Experience and attributes
The Court is made up of 28 governors, of whom ten are executives of the University or members of Senate. It is important to ensure that across this membership there is a wide range of skills and experience.
However, the key attributes required of members are:
- Significant experience of leadership and management at a senior level in either the public or private sector, preferably gained over a number of years’ service across a range of large and complex organisations;
- An ability to evaluate and monitor the performance of the University in a constructively critical manner, whilst mindful of the boundary between governance and management;
- A commitment to the highest standards of governance;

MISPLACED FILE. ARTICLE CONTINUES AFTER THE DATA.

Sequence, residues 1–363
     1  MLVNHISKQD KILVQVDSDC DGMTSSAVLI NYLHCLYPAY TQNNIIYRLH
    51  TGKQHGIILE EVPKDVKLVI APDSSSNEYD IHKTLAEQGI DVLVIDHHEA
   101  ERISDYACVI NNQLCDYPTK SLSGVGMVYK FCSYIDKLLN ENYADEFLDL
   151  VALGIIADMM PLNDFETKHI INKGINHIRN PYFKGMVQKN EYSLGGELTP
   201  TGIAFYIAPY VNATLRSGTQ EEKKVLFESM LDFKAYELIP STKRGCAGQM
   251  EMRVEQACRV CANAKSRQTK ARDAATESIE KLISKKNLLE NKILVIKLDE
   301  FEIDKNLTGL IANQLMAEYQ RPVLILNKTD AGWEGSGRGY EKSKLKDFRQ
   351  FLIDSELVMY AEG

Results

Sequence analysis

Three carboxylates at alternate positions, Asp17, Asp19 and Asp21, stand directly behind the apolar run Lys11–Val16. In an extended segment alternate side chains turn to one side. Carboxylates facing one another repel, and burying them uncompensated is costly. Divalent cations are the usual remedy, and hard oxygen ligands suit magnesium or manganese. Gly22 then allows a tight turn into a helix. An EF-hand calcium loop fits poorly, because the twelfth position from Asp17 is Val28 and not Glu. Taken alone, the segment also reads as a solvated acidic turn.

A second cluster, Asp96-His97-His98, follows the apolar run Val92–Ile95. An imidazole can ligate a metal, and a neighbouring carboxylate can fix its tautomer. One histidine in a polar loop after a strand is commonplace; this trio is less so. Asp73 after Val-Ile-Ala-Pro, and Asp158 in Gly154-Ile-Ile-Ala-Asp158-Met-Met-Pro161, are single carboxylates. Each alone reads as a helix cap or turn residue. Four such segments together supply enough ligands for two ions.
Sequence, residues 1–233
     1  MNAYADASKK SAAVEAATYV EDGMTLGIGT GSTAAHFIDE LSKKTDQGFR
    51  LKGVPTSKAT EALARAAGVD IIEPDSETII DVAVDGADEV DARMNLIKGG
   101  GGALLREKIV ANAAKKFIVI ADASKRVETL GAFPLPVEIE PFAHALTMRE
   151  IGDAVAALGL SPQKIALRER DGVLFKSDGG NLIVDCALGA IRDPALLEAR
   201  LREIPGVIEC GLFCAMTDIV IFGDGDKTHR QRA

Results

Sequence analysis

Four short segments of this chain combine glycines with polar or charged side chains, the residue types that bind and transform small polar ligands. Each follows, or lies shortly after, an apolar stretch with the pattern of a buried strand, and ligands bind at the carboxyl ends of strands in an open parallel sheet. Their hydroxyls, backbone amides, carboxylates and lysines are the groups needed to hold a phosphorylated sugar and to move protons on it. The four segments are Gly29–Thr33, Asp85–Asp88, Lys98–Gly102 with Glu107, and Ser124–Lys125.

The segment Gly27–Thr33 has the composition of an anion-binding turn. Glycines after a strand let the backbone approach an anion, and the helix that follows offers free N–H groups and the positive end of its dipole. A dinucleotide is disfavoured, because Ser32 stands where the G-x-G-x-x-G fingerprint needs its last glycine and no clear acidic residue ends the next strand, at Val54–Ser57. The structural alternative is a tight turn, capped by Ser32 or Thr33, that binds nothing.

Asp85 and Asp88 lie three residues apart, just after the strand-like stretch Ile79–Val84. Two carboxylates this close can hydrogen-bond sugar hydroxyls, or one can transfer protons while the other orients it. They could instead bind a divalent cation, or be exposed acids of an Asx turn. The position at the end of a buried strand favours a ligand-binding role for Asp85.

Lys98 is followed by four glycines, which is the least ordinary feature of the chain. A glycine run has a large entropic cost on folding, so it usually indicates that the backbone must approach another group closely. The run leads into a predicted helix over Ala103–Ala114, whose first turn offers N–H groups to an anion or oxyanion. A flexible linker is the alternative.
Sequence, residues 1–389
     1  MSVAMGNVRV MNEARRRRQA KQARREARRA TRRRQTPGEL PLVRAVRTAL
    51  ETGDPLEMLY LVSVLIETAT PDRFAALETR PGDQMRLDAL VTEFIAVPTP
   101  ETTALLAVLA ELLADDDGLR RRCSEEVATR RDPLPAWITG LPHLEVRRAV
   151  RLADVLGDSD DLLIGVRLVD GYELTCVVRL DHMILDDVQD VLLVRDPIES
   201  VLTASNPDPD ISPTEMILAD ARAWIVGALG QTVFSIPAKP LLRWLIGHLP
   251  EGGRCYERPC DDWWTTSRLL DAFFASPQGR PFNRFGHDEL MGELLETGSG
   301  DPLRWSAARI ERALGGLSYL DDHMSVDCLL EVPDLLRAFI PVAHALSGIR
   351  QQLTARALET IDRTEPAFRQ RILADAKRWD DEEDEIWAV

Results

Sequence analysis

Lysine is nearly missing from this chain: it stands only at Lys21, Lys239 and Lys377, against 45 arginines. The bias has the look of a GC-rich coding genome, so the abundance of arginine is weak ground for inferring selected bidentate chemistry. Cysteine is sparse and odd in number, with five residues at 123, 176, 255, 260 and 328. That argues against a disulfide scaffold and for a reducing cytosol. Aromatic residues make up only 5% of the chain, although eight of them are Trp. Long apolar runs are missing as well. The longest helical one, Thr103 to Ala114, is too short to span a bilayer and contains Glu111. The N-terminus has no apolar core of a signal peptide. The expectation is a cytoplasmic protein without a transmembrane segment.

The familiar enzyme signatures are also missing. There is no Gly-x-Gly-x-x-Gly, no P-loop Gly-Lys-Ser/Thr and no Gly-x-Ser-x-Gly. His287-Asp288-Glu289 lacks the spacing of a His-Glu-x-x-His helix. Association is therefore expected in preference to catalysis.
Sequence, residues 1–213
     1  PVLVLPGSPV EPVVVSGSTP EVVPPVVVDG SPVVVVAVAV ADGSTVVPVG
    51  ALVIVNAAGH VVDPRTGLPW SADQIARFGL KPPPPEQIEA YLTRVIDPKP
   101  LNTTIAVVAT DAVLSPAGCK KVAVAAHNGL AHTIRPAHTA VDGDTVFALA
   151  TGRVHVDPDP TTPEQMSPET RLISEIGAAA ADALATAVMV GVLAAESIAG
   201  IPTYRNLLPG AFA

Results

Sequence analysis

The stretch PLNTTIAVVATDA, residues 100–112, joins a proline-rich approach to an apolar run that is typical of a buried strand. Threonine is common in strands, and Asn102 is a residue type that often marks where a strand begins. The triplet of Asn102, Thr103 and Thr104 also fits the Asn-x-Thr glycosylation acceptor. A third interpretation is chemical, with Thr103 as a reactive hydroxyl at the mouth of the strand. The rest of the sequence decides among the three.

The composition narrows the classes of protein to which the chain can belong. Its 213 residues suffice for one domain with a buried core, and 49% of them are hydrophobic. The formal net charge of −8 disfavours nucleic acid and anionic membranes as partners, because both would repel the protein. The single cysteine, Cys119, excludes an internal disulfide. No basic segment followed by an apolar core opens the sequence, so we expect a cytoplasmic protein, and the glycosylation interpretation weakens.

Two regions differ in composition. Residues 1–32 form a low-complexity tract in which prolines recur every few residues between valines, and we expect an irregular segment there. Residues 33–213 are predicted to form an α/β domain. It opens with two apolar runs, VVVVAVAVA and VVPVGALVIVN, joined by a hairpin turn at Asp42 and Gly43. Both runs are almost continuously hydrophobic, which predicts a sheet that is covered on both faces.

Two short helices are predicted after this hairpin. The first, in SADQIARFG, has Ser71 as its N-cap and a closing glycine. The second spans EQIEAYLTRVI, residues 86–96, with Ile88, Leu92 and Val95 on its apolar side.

- The ability and the courage to exercise independent judgement;
- A commitment to furthering the values of higher education and the mission of the University of Aberdeen in particular.
Each governor is responsible, collectively with all members of Court, for the strategic leadership and governance of the University. That translates into more specific responsibilities of which the following are key:
- To ensure that the Court exercises efficient and effective use of the resources of the University, maintains its long-term financial viability, and safeguards its assets, and that proper mechanisms exist to ensure financial control and for the prevention of fraud;
- To exercise oversight in respect of the academic, corporate, financial, estate and human resource functions delegated to the authority of the Principal as chief executive;
- To ensure that Court conducts itself in accordance with accepted standards of behaviour in public life, embracing selflessness, integrity, objectivity, accountability, openness, honesty and leadership. Members must at all times regulate their personal conduct as members of the Court in accordance with these standards;